2016 - American Sociological Association Annual Meeting Pages: unavailable || Words: unavailable || 
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3. Nitsche, Natalie. and Van Bavel, Jan. "Her Education, His Education, and Fertility: Exploring How Educational Pairings Affect Couples’ Childbearing Behavior" Paper presented at the annual meeting of the American Sociological Association Annual Meeting, Washington State Convention Center, Seattle, WA, Aug 17, 2016 Online <APPLICATION/PDF>. 2018-05-22 <http://citation.allacademic.com/meta/p1120381_index.html>
Publication Type: Conference Paper/Unpublished Manuscript
Review Method: Peer Reviewed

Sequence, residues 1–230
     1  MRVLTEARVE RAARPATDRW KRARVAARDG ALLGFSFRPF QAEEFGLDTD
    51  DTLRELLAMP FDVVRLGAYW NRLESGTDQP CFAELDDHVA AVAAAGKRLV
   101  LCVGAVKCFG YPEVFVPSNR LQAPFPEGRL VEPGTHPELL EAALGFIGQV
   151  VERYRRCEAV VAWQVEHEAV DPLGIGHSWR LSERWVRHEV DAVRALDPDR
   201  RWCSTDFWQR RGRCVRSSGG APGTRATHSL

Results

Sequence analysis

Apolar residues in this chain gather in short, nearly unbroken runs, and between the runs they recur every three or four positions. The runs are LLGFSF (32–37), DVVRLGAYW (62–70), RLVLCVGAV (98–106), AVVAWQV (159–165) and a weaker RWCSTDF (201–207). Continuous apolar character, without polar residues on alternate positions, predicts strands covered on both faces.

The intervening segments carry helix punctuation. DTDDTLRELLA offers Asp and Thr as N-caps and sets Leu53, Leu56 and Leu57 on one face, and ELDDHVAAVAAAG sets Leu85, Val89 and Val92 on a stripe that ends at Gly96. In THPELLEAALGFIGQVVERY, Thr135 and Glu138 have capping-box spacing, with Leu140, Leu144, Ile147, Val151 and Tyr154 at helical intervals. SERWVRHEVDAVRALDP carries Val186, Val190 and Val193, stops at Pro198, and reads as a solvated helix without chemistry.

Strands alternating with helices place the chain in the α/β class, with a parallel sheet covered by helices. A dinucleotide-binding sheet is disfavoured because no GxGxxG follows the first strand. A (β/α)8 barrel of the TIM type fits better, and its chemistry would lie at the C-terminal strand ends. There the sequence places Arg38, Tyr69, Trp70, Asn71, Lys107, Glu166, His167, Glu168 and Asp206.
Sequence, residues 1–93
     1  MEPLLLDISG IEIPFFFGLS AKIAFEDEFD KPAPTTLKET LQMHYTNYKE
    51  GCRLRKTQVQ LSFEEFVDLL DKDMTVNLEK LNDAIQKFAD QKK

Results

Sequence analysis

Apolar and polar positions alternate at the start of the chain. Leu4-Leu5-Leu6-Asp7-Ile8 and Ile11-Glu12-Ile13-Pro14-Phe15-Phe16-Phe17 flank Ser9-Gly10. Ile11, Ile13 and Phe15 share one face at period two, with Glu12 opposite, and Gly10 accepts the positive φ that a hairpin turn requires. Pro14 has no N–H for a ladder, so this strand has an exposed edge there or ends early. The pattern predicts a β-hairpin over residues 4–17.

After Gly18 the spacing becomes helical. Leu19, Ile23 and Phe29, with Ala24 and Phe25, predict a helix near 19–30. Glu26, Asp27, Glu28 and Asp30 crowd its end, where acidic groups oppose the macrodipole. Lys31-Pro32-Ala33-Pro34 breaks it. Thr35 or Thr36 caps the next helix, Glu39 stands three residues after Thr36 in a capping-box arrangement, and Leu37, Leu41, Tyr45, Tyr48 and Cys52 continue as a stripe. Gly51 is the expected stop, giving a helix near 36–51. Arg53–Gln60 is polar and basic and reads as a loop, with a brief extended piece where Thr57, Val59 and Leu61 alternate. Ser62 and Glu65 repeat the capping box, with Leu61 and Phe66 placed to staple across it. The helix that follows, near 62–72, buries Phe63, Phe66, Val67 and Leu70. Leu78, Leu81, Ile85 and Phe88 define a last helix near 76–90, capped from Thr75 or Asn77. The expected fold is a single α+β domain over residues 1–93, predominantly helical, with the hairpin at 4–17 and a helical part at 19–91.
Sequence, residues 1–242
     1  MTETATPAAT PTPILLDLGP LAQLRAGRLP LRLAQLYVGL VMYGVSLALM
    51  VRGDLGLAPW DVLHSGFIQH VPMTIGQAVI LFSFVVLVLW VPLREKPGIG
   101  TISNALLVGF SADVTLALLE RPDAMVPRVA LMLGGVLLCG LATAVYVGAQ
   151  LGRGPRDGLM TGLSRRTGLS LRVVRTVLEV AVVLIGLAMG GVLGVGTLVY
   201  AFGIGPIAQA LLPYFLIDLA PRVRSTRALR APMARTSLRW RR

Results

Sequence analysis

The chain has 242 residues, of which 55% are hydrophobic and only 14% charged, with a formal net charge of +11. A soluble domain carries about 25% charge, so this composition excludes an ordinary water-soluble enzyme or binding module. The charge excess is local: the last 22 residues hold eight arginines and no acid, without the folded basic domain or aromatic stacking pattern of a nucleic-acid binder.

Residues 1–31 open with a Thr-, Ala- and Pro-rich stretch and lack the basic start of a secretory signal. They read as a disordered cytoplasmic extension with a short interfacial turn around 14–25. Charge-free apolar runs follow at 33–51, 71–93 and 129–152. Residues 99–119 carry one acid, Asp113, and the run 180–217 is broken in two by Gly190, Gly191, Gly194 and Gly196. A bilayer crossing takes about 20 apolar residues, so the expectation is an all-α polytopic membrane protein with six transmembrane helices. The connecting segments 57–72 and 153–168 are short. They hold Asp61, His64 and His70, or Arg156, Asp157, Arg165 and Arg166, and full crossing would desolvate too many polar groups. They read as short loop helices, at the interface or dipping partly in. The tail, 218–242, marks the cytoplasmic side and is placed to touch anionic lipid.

Abstract: A growing body of literature is seeking to understand childbearing behavior from a couple’s perspective. Accumulating evidence suggests that the fertility-education relationship for women depends on the partner’s education, and vice versa. Specifically, recent evidence suggests that couples with two highly educated partners may have higher second or third birth hazards than couples with only one highly educated partner or two lower educated partners. Yet, this evidence is largely descriptive, and not much is known about the underlying mechanisms of why the educational pairings of the partners may be meaningful for their childbearing behavior. Our study aims at investigating these underlying mechanisms. We use a new and innovative panel study from Germany, the Pairfam, to test several mechanisms which may be driving these differences in childbearing behavior between couples of varying educational pairings. We specifically focus on differences between highly educated homogamous and other couples with one highly educated partner only. We look at differences in the division of housework, his and her values about gender and family, and how well the partners are matched on them, perceived conflict and conflict resolution strategies, and whether there are differences in how well the partners are matched on fertility preferences across educational pairings.